Already, wolf advocates say federal prosecutors rarely pursue criminal charges against wolf poachers unless the suspect admitted to intentionally targeting a protected wolf.

“If they’re delisted, I would be shocked if the U.S. Fish and Wildlife Service” brought charges against a poacher, said Collette Adkins, an attorney for the Center for Biological Diversity, which plans to challenge the Trump administration rule in court.

California isn’t the only state to have poaching investigations that could be hindered by the Trump administration’s new rule.

In Oregon and Washington, there are at least 31 cases in which wolves died under suspicious circumstances since 2015, but no charges were filed, said Amaroq Weiss of the Center for Biological Diversity.

Ranchers applaud move

Lassen County Supervisor Aaron Albaugh, who has a cattle ranch, said removing wolves from the federal protections could make it more difficult to secure funding for programs that ranchers support such as creating a fund to reimburse ranchers for livestock that wolves kill.

But, otherwise, the Trump administration’s proposal is good news for ranchers, he said.

“At least we won’t have the federal side of it, but we’ll still have to fight and argue with the state on the state side of things,” he said.

On a background call with reporters Thursday, a U.S. Interior Department spokesman insisted the action was based on “the best scientific data available.”

“The finding of our review is clear … the gray wolf has recovered,” the spokesman said. He called the wolf recovery “one of the great conservation successes.”

California officials, however, said the state’s small population of wolves needs federal protections.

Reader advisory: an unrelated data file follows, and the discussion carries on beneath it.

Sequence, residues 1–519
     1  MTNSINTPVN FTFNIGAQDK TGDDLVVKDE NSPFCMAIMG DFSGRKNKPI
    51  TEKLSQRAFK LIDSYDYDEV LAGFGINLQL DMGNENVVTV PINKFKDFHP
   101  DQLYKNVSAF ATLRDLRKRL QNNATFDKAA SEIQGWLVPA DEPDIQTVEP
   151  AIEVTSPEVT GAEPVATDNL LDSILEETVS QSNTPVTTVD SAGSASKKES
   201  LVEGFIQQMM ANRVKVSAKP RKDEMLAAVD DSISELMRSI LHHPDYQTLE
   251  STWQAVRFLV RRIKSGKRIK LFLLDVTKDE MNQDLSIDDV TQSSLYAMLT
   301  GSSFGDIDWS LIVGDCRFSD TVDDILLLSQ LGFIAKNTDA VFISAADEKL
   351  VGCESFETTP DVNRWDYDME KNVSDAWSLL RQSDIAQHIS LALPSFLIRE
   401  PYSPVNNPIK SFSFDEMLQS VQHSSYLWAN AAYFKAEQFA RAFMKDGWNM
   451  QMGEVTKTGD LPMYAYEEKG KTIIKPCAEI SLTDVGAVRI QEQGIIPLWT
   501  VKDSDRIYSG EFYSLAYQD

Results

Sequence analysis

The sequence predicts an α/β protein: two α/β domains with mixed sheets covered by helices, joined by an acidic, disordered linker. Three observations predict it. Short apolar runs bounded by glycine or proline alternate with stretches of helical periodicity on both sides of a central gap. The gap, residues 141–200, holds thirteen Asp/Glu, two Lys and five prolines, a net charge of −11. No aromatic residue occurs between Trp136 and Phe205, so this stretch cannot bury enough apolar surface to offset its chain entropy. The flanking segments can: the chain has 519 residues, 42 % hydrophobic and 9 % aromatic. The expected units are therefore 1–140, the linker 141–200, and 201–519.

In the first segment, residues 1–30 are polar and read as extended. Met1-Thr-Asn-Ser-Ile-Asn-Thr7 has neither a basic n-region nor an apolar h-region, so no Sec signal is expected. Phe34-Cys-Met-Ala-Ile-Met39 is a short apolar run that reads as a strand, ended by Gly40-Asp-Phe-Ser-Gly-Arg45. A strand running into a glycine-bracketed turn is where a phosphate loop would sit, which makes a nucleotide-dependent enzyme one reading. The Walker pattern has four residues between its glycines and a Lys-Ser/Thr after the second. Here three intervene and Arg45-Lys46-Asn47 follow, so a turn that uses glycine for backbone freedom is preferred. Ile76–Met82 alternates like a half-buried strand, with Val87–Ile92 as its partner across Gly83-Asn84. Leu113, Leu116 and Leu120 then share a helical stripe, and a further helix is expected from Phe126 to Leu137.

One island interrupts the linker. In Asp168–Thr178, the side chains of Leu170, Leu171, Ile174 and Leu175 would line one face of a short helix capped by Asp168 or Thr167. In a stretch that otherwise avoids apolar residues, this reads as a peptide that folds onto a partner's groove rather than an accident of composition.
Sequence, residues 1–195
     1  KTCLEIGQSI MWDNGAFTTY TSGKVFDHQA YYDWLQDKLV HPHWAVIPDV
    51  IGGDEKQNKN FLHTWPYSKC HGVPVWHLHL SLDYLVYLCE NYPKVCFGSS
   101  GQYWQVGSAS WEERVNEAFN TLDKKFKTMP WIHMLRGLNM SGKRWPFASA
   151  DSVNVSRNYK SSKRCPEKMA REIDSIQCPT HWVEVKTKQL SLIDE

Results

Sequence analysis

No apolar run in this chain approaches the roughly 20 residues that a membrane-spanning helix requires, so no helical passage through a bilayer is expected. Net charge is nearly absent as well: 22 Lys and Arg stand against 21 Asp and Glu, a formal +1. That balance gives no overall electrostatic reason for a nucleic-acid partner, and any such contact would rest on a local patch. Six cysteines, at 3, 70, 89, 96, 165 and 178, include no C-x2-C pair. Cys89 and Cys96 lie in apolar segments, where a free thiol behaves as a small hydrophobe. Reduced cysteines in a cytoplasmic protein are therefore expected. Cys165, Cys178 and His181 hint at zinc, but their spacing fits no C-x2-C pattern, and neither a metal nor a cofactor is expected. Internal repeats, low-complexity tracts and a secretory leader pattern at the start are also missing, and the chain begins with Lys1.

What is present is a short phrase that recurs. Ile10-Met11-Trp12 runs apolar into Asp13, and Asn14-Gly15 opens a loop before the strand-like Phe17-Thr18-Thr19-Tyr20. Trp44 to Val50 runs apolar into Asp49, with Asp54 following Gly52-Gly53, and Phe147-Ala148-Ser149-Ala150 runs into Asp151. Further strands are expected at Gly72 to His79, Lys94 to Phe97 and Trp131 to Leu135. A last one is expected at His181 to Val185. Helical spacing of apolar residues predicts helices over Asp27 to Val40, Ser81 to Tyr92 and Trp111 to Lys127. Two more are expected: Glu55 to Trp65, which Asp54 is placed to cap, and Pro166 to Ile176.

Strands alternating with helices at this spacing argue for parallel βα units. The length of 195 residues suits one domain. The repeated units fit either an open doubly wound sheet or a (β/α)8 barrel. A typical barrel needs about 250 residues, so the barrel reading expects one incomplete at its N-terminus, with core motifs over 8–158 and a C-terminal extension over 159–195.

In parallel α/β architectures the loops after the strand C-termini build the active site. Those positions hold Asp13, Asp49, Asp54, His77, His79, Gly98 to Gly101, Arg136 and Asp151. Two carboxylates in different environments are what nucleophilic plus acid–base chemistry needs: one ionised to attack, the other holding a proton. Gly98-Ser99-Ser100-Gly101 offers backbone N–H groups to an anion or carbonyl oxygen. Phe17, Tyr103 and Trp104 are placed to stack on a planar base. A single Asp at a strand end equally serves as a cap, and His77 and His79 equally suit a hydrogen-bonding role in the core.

“We believe it’s an amazing ecological story that wolves returned to their historic habitat in our state and have re-established elsewhere in the West, but California’s fledgling population still remains vulnerable,” Jordan Traverso, a spokeswoman for the Department of Fish and Wildlife, said in an email.

In the years since the first wolf wandered into California from Oregon in 2011, at least 30 wolves have either passed through, settled or been born in the remote, five-county region about the size of West Virginia in California’s northeastern corner.

While animal lovers in California celebrated the wolves’ arrival, ranchers in the newly reclaimed wolf territory argue they should have the ability to kill problem wolves that habitually prey on their livestock.

Since wolves returned to California, there have been at least 20 confirmed or probable cases of wolves attacking livestock.

Unlike some other states, California doesn’t reimburse ranchers for the animals that wolves kill.

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Ryan Sabalow covers environment, general news and enterprise and investigative stories for McClatchy’s Western newspapers. Before joining The Bee in 2015, he was a reporter at The Auburn Journal, The Redding Record Searchlight and The Indianapolis Star.